Traverse City Record-Eagle


October 6, 2012

Another View: Be prudent about online courses

Online learning has the potential to reshape the way Americans are educated, but policy makers need to put considerable thought into how.

For example, consider the phenomenon known as "massive open online courses," or MOOCs. Universities, including Michigan State University and the University of Michigan, are thinking through how to best use this new format, which can let tens of thousands of students from around the world participate in an Internet-based course together.

Interestingly, the two schools have taken vastly different approaches to date.

MSU offered a MOOC course with specific ties to its MetroFood initiative, which is looking at new ways to grow food for the world's urban populations. The 400-student course helped create new research collaborations.

But MSU officials remain hesitant about doing MOOCs just to be among participants in the trend. That's significant, because so far almost no MOOC course work is accepted for credit by U.S. universities. (Colorado State University's global campus has agreed to offer transfer credit for a MOOC introductory class in computer science; but such arrangements so far are rare in the United States.)

At U-M, officials opted to join, one of the major purveyors of such courses. U-M officials decided that they wanted first-hand experience with the course work and an opportunity to help shape the direction of this potentially game-changing trend.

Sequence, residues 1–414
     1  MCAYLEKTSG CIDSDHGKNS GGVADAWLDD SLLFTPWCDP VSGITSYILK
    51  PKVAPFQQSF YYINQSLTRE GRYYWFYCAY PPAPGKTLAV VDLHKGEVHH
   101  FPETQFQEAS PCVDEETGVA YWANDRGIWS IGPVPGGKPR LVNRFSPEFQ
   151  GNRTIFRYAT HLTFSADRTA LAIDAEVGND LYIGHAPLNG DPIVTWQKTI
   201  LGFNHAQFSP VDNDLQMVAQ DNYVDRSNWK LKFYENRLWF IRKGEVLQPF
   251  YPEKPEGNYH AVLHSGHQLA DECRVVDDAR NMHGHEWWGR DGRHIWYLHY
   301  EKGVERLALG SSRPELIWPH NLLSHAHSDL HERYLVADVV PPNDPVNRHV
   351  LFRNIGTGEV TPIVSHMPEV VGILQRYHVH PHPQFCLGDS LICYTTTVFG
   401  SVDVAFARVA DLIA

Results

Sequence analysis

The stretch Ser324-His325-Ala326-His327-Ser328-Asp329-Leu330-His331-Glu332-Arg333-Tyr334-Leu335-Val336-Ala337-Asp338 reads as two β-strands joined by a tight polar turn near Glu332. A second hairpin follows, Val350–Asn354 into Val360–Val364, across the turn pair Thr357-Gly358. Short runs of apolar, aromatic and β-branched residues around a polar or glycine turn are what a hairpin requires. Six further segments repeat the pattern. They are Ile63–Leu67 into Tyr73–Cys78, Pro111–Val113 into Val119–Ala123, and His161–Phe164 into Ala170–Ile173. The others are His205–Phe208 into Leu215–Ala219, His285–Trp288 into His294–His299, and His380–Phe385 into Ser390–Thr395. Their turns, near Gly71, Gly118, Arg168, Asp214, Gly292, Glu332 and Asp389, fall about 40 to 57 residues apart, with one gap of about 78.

But it's a trend that requires caution. So far, MOOCs are typically free. Offering access to some of the world's pre-eminent professors for free seems generous and may help build a school's reputation. But universities have to be careful that they aren't ultimately diminishing the value they provide to students who pay tuition.

It's a delicate balancing act. Public universities that receive taxpayer funding should be most cautious about how much time and effort they put into free courses.

Colleges and universities that are involved in such offerings should consider fees and figure out how the classes fit into certification or degree programs.

Experimentation and innovation are as welcome and needed in higher education as in any field. But those experimenting with benefit of taxpayer subsidies should be very clear in their purpose and their goals.

Be bold, yes. But also be discerning.

-- Lansing State Journal

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